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ERIC Number: EJ1165105
Record Type: Journal
Publication Date: 2018
Pages: 17
Abstractor: As Provided
ISSN: ISSN-0263-5143
Greek Primary School Students' Images of Scientists and Their Work: Has Anything Changed?
Emvalotis, Anastassios; Koutsianou, Athina
Research in Science & Technological Education, v36 n1 p69-85 2018
Background: A growing interest in student's perceptions of scientists has been identified in the literature, relying on the argument that stereotypical perceptions of scientists may affect student attitudes towards science and their willingness to pursue a science-related career. Thus, over the past 30 years, many studies have investigated students' images of scientists through students' drawings. Purpose: The present study attempts to investigate Greek primary school students' images of scientists and their work, and further explore possible changes in the common stereotypical images prevailing in the literature. Sample: Two hundred and eleven Greek primary school students (110 boys and 101 girls) from the fourth (n = 78), fifth (n = 63) and sixth (n = 70) grade participated in the present study. Design and methods: Students were asked to draw a scientist at work and explain what they had drawn, based on Chambers' "Draw-A-Scientist Test" (DAST). An analysis framework was adopted to assess and code students' drawings, including the indicators of the "Draw-A-Scientist Test-Checklist" (DAST-C). Several descriptive and bivariate analyses were performed in order to answer the research questions. Results: Results reveal that Greek primary school students hold common stereotypical images relating to the scientist's activities rather than their appearance. Specifically, students more frequently drew scientists as males who work in a chemistry laboratory, wear lab coats and are surrounded by symbols of research and knowledge. Furthermore, boys tended to draw more stereotypical images than girls, while the majority of girls drew female scientists. However, there were no significant differences across grade levels. Conclusions: In general, the findings of this study are aligned with the international research, supporting the necessity to challenge stereotypes. Students should be encouraged by their teachers to acquire more realistic images of scientists and their activities through science education.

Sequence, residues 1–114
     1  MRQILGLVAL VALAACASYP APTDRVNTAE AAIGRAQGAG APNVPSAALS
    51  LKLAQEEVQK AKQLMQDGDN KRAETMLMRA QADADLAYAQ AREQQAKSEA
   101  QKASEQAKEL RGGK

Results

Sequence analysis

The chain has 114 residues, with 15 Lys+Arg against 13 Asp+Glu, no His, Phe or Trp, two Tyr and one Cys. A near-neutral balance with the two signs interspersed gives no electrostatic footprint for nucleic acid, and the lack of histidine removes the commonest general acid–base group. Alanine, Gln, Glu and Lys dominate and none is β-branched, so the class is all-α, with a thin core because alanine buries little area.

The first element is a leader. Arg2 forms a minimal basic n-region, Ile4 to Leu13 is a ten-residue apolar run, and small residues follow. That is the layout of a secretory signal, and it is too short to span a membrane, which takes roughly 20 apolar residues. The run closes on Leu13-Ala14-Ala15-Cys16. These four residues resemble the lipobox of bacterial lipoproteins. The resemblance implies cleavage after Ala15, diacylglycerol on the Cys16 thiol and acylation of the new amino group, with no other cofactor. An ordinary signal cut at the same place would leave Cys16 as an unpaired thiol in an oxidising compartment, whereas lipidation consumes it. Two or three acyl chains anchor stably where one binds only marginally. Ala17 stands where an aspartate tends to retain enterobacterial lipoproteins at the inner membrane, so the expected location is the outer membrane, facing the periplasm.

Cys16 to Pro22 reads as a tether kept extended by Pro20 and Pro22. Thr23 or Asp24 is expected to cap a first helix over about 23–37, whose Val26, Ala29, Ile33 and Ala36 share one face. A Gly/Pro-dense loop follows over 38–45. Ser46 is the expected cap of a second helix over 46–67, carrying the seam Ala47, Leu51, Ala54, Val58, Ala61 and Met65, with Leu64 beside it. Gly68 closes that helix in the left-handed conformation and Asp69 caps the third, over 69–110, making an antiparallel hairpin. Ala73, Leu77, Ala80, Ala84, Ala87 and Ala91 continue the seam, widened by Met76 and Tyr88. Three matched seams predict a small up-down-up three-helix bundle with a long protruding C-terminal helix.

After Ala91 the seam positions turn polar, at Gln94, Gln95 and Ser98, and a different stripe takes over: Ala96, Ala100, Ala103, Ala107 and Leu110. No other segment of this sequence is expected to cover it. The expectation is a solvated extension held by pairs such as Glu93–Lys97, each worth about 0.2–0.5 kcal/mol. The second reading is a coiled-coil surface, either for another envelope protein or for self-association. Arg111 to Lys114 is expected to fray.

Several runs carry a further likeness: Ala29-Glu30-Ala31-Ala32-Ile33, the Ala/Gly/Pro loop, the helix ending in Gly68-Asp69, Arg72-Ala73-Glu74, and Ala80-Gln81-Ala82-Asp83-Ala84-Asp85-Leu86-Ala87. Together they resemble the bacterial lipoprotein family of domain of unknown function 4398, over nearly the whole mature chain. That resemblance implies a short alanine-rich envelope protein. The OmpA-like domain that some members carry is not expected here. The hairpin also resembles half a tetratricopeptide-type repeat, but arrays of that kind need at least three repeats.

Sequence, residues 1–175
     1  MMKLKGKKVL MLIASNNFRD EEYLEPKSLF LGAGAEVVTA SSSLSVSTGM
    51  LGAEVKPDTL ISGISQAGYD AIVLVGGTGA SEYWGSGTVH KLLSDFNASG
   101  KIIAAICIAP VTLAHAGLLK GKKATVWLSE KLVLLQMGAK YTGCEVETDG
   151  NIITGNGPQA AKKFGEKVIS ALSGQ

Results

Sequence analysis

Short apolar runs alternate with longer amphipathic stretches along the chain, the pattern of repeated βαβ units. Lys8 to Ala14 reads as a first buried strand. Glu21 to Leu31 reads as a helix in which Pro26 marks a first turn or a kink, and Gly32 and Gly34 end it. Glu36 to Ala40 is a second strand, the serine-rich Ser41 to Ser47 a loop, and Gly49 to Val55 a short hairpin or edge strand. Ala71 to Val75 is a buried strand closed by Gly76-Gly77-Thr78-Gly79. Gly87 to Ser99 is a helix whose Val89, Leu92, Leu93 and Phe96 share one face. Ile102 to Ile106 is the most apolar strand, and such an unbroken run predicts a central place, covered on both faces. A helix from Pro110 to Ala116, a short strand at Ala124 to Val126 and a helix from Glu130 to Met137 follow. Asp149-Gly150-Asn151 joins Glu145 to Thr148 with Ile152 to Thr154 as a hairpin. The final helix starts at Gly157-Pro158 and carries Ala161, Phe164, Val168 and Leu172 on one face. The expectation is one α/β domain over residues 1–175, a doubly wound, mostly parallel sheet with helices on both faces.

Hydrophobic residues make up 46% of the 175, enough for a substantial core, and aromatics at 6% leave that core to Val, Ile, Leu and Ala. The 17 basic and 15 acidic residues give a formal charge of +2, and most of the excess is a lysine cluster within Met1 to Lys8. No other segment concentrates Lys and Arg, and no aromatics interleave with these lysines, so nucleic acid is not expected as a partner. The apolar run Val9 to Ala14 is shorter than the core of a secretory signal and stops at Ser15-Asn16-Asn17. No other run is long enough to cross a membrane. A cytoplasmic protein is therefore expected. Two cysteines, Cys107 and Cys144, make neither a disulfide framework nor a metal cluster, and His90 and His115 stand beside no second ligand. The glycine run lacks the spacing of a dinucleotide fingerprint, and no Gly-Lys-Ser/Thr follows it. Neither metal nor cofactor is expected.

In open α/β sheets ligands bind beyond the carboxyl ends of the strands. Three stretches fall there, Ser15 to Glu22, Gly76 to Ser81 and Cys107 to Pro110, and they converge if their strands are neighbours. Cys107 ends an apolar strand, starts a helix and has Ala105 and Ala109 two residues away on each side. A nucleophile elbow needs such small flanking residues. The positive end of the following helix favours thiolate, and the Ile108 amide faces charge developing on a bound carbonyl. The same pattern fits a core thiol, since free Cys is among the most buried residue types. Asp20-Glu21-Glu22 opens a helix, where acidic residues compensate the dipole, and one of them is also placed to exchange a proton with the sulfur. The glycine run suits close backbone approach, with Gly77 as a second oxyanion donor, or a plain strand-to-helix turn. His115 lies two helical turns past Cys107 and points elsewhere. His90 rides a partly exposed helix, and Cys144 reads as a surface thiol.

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Publication Type: Journal Articles; Reports - Research
Education Level: Elementary Education
Audience: N/A
Language: English
Sponsor: N/A
Authoring Institution: N/A
Identifiers - Location: Greece
Grant or Contract Numbers: N/A